Leaders in both parties of the U.S. House of Representatives have taken steps to allow members to request limited “earmarks” on spending bills nearly 10 years after Congress banned these discretionary spending provisions that direct funds to specific recipients. The Senate is expected to reach its own deal to restore earmarks soon. Before the ban, earmarking was a long-used but controversial practice because critics charged that they constituted wasteful pork-barrel spending that was shielded from public view, vulnerable to corruption and abuse.
House Appropriations Committee Chair Rosa DeLauro, D-Conn., announced new earmark rules to try to make members more accountable and the process more transparent. She argues that earmarks, now called Community Project Requests (CPR), will allow Congress to decide where to send federal funds rather than the current practice of allowing federal agencies or state governments to decide where federal money will ultimately flow. Under the new CPR rules, members of Congress must publicly disclose the CPR request, including a written justification, a certification that the member has no financial stake in the project, and other declarations regarding conflicts of interest.
Specifically, the plan released by Chair DeLauro and approved by House Republicans would limit CPRs to 1% of discretionary funding, which would equate to roughly $14 billion if discretionary spending levels are maintained. The House Democrats’ plan also includes a ban on receipt by private entities. The House Appropriations Committee will accept applications for CPRs between March 29 and mid-April.
Under the plan, members will be limited to 10 CPRs that will be ranked by the member’s choice. Additionally, all CPRs must be projects that can be completed within fiscal year 2022 (October 1, 2021 – September 30, 2022). Members will submit requests online to the House Appropriations Committee website, and all CPRs must be publicly posted to the member’s official congressional website. Along with each request, House members must submit evidence of local community support for the CPR, which could include letters from community leaders. At the time of submission, members must also submit a financial disclosure form that certifies that the member and his or her immediate family members do not have a financial interest in the CPR. FAQs released by the House Appropriations Committee ask members to be mindful of other ethical concerns such as whether the CPR will benefit lobbyists and donors. The House plan also reserves oversight of CPRs selected for funding to the Government Accountability Office, which will conduct an annual audit on a sample of CPRs and issue a report to Congress.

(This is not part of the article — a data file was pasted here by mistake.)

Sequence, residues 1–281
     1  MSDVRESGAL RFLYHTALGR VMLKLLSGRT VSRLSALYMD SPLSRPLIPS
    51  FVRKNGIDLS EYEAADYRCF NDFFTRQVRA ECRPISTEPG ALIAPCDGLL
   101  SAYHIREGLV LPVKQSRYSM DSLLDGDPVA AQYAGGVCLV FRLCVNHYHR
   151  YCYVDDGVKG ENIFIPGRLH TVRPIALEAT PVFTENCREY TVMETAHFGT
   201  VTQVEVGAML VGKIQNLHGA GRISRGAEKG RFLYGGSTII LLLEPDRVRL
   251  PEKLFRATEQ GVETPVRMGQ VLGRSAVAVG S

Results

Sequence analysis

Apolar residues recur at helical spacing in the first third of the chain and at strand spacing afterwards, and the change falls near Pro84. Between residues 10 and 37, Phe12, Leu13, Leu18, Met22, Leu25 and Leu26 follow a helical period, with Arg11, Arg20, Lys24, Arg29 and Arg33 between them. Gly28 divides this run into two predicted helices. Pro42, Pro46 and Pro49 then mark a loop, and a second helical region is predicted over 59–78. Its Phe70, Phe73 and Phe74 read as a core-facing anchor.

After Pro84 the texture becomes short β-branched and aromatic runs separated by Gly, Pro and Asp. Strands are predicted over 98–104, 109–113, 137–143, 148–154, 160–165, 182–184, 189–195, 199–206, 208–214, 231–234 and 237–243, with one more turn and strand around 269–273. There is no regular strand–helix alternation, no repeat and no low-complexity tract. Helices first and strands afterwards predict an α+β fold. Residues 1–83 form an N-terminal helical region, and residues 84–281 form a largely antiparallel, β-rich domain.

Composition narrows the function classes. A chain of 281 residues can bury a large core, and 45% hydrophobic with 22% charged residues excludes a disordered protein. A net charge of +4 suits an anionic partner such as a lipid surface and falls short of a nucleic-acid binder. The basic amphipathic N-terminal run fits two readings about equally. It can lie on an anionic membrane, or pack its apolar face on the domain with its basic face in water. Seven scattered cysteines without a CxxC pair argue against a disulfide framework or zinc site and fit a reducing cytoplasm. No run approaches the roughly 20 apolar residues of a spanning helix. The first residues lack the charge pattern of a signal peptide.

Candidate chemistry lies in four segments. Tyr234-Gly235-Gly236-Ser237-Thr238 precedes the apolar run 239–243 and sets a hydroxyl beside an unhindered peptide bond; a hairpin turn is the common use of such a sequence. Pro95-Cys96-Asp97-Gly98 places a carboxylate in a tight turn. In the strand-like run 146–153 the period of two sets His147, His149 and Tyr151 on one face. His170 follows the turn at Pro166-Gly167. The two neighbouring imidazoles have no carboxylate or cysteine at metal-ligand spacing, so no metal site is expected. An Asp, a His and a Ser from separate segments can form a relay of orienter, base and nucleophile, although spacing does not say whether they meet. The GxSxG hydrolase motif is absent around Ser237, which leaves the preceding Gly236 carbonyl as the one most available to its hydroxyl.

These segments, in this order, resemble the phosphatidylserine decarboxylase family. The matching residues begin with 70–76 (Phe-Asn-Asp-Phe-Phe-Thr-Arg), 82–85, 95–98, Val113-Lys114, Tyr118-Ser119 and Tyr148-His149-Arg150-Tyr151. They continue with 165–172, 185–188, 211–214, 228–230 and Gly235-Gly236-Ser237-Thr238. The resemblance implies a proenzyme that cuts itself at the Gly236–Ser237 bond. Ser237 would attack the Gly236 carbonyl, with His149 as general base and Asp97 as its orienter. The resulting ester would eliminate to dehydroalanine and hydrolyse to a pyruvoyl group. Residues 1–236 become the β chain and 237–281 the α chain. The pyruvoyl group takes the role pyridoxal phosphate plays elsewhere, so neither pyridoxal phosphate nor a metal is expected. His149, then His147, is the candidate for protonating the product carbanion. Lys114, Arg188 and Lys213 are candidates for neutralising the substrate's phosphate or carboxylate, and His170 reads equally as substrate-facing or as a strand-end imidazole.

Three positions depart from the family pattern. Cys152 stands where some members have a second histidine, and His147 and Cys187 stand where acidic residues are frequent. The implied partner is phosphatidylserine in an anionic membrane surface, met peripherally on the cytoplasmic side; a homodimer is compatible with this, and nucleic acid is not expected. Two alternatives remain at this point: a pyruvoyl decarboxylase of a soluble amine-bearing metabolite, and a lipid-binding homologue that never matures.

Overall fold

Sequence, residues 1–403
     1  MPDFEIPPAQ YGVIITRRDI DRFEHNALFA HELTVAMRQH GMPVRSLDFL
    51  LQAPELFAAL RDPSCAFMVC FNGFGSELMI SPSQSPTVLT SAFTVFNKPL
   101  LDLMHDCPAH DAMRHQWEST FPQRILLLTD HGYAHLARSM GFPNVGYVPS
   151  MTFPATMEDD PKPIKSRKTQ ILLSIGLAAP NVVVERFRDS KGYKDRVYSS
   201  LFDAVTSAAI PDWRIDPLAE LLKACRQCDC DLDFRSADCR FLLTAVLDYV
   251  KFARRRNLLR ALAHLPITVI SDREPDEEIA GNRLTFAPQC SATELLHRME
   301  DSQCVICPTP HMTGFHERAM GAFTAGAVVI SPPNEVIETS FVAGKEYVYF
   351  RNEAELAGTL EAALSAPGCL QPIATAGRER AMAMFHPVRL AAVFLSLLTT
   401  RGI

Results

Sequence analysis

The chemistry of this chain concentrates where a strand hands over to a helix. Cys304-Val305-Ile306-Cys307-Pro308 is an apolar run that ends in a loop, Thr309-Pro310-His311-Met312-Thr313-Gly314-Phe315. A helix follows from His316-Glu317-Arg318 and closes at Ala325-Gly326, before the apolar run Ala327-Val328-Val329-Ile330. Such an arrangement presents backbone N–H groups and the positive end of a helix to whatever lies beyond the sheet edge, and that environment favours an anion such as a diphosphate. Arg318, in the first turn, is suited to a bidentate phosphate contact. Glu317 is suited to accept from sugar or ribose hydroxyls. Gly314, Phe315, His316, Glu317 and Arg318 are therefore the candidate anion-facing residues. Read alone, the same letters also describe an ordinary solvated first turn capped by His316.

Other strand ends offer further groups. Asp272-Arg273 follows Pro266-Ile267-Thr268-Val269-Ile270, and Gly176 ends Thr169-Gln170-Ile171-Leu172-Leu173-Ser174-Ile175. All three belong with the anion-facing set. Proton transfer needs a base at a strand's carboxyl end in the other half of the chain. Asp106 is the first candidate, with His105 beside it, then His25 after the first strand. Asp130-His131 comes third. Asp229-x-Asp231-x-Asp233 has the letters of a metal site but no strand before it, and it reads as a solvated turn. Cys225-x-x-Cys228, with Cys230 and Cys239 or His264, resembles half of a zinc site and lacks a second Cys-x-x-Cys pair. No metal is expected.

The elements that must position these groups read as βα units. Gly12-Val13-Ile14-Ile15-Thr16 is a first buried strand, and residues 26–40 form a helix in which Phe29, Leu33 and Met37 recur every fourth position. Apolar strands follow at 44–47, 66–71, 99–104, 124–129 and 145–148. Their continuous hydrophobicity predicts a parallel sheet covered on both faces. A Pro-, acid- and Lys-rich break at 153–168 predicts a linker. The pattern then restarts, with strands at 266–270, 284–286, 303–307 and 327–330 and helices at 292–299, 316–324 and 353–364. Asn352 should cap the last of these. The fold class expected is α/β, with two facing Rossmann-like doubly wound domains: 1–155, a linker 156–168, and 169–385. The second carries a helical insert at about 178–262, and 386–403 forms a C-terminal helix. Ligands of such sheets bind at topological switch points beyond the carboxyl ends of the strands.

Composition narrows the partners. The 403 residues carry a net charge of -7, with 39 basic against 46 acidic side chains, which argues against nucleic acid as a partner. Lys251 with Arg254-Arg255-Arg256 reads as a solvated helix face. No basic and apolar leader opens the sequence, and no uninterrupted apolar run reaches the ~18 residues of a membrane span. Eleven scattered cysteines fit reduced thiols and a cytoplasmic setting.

In addition to approving earmarks for appropriations legislation, House Transportation and Infrastructure Committee Chairman Rep. Peter DeFazio, D-Ore., and Chair of the Subcommittee on Highways and Transit Eleanor Holmes Norton, D-D.C., announced that the committee will provide opportunities for members of Congress to submit earmark requests for highway and transit project designations.
The committee will require all member submissions to include the following information for each project requested:
- documentation of whether the project is on the state, tribal, or territorial transportation improvement program and on the metropolitan transportation improvement program, if applicable
- sources of funding for the full share of the cost of the project beyond the amount requested
- letter(s) of support from the state department of transportation, or local government, transit agency, or other nonfederal sponsor
- a description of the process that has been or will be followed to provide an opportunity for public comment on the project
- project phase (e.g., planning, final design, construction)
- National Environmental Policy Act (NEPA) category of action (e.g., Categorical Exclusion, Environmental Assessment, Environmental Impact Statement)
- status of environmental review
- whether the project has received federal funding previously and, if so, the source and amount
- certification that the member, his or her spouse, and other immediate family members do not have a financial interest in the project
The Transportation and Infrastructure Committee will hold a Member Day hearing April 14 to receive testimony from members of Congress about their policy priorities.
Ultimately, the return of earmarks may provide an incentive for members of both parties to support the next major funding deal — or an infrastructure spending deal — as lawmakers could take credit for securing federal dollars for their districts. Spending requests will come quickly, and decisions regarding CPRs will likely be made later this year.
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